About Me

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United Kingdom
I'm a librarian based in the UK who loves books. I'm happiest when I'm either talking about them, reading them or buying them. This blog is dedicated mainly to my addiction to YA fiction but you will also find some adult and non-fiction book reviews as well.

Thursday, 19 January 2017

Review: Beware That Girl - Teresa Toten

Beware That Girl by Teresa Toten, published by Hot Key Books on 12th January 2017

Goodreads synopsis:
Kate O'Brien has always been known as the scholarship kid, running away from a terrible past and overcoming obstacles, some more sinister than others. She's determined to make a better life for herself. She deserves it. And at the elite Waverly school, Kate is willing to do whatever it takes to climb the social ladder and land her spot at Yale.

There's one girl in particular that catches Kate's eye. Olivia Michelle Sumner, all born blonde and rich and just messed up enough for Kate to latch on to. As for Olivia, she's a damaged girl, looking to be mended. She finds something promising in Kate. A study buddy. A best friend. A sister she never had. But even a vulnerable girl like Olivia has her own dark past to contend with.

When the handsome and whip-smart Mark Redkin joins the Waverly administration, he manages to woo the whole student body, paying particular attention to Olivia - an affair she very much wants to keep to herself, especially from Kate. And as a man who knows just how to get what he wants, Kate realises that Mark poses a huge threat, in more ways than she is willing to admit.


Review:
This book is described as Gossip Girl meets Pretty Little Liars.  That was enough to make me want to read it.  I don't always like psychological thrillers but I was willing to give this one a try.  It's set to be a big screen film with Dakota Fanning so I thought I would read the book first.

There are two main characters in the story, Kate O'Brien and Olivia Sumner.  Kate is the poor scholarship student who is desperate to get into Yale and determined to use Olivia's wealth and social connections to help her do so.  I didn't like Kate at all the beginning but the author threw in some brilliant twists and turns and by the end, I was rooting for her one hundred percent. The story is very cat and mouse until everything gets turned on its head.  My opinions of many of the characters had to be revised and I had to rethink a lot of the things which had happened in the book.  

The friendship between the two girls seems to be going well until Mark Redkin, the new educational director in charge of fundraising, enters the scene. Suddenly three is very much a crowd and Kate is no longer in control.  I did find that some of the scenes between Mark and Olivia were pretty disturbing and not to my taste at all.  I thought that they went a bit too far and at times seemed unnecessarily brutal but I guess the author was using this to set up the big finale.  The second half of the book got extremely dark and twisted and although I was intrigued, part of me didn't really want to find out what was going to happen.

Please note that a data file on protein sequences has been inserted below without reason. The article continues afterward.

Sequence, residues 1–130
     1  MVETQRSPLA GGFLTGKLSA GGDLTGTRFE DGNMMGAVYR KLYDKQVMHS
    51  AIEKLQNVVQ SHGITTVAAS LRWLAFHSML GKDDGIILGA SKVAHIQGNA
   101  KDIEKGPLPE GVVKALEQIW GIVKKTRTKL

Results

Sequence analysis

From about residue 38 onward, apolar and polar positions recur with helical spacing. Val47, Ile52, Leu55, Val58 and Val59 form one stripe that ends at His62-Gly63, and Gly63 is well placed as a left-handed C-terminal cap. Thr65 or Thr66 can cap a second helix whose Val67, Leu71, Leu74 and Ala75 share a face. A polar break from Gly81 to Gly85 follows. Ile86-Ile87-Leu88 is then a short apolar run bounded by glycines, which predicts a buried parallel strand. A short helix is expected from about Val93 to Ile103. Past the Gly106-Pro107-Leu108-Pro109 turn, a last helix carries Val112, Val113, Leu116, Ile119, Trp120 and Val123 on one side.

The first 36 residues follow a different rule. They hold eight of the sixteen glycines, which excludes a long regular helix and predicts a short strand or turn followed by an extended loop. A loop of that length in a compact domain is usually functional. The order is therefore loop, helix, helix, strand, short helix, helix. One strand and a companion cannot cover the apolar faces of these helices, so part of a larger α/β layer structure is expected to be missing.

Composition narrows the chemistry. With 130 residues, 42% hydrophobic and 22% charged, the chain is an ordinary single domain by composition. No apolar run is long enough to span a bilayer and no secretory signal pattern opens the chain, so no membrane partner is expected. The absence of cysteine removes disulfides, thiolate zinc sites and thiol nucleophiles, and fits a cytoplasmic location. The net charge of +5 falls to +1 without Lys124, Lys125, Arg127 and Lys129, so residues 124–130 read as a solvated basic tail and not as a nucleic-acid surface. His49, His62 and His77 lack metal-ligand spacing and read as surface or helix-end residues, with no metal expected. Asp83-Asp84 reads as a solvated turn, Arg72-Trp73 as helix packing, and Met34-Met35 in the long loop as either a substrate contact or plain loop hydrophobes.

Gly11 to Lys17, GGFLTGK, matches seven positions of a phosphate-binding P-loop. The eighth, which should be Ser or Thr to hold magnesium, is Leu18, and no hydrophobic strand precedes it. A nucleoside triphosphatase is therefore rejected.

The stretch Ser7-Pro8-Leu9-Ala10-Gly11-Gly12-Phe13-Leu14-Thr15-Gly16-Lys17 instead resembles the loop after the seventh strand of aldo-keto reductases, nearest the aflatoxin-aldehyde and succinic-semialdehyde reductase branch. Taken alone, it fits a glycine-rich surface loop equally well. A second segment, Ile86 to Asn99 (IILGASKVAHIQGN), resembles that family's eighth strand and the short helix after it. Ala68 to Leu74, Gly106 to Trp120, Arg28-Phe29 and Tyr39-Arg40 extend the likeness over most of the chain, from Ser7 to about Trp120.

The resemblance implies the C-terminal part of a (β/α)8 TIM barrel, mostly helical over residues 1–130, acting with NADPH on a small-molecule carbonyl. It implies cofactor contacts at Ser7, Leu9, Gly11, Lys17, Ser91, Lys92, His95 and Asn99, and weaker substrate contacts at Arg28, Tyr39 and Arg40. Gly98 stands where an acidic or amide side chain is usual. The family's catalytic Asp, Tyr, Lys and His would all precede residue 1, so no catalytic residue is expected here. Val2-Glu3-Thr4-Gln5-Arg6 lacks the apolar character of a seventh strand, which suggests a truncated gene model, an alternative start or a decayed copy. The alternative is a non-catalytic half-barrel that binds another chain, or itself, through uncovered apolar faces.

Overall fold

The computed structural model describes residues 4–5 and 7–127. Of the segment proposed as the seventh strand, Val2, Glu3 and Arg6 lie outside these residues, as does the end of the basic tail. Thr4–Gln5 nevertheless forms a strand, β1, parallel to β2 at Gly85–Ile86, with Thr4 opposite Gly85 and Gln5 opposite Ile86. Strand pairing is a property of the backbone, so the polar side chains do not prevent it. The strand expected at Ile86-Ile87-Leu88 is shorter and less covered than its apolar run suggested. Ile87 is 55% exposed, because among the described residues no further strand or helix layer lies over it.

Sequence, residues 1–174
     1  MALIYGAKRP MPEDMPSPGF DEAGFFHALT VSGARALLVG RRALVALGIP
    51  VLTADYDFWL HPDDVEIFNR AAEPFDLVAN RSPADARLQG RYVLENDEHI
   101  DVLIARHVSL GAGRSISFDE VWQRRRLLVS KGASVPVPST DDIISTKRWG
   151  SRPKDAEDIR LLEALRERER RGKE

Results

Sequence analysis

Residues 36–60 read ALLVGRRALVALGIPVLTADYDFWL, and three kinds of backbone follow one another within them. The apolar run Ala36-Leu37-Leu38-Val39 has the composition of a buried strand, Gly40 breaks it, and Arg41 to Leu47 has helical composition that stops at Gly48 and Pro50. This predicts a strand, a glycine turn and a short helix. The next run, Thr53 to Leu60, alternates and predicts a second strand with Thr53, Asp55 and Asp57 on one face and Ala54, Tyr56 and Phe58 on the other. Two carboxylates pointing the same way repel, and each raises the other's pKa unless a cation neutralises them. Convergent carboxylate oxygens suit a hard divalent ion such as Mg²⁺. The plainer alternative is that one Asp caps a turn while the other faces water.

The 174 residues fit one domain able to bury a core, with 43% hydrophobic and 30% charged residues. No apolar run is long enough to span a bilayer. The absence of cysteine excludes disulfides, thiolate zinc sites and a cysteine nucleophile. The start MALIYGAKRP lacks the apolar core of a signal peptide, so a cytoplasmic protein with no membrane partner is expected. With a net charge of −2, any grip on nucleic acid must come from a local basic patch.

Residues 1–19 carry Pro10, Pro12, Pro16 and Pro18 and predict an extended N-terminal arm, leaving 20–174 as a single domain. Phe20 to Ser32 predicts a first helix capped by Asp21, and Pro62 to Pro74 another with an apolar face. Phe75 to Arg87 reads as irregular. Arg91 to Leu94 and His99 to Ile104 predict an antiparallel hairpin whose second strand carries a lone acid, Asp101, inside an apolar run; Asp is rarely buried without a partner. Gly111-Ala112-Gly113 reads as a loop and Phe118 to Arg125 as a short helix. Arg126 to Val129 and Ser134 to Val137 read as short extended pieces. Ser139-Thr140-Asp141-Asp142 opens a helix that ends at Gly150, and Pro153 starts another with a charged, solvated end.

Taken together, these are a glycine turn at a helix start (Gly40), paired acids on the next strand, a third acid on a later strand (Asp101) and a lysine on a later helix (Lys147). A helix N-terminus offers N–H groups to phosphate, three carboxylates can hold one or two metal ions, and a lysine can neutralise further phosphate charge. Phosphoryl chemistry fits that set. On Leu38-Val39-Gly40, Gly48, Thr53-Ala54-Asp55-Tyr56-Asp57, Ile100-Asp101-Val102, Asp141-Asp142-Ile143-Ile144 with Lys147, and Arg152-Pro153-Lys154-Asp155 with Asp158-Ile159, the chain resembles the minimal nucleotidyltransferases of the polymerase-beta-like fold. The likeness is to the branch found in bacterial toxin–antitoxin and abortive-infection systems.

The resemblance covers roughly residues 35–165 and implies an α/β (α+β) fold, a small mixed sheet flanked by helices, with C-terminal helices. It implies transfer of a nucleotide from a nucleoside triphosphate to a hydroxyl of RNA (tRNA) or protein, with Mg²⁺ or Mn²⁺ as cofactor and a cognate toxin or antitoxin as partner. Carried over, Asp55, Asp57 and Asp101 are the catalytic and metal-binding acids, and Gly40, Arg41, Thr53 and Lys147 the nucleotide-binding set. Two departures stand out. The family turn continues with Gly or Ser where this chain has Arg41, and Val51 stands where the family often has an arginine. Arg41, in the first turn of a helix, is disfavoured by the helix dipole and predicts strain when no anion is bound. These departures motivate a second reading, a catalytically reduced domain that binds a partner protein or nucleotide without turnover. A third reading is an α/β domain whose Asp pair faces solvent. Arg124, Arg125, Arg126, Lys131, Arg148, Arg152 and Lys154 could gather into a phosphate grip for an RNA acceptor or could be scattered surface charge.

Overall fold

I didn't see the ending coming at all, although I'm sure many readers will but I do think that it was very clever and flash-backed to the beginning of the book.  Probably not quite to my reading tastes but I think that fans of this genre will probably enjoy it.       

Tuesday, 17 January 2017

Review: Carve the Mark - Veronica Roth

Carve the Mark by Veronica Roth, published by HarperCollins on 17th January 2017

Goodreads synopsis:
On a planet where violence and vengeance rule, in a galaxy where some are favored by fate, everyone develops a currentgift, a unique power meant to shape the future. While most benefit from their currentgifts, Akos and Cyra do not—their gifts make them vulnerable to others’ control. Can they reclaim their gifts, their fates, and their lives, and reset the balance of power in this world?

Cyra is the sister of the brutal tyrant who rules the Shotet people. Cyra’s currentgift gives her pain and power—something her brother exploits, using her to torture his enemies. But Cyra is much more than just a blade in her brother’s hand: she is resilient, quick on her feet, and smarter than he knows.

Akos is from the peace-loving nation of Thuvhe, and his loyalty to his family is limitless. Though protected by his unusual currentgift, once Akos and his brother are captured by enemy Shotet soldiers, Akos is desperate to get his brother out alive—no matter what the cost. When Akos is thrust into Cyra’s world, the enmity between their countries and families seems insurmountable. They must decide to help each other to survive—or to destroy one another.



Review:
I was really thrilled to get my hands on 'Carve the Mark', although I couldn't quite tell from reading the synopsis what the story was going to be all about.  I loved Veronica Roth's Divergent series and I was really interested to see how her writing had changed and what direction she would take her storytelling in next.  This was such a treat to dive straight into!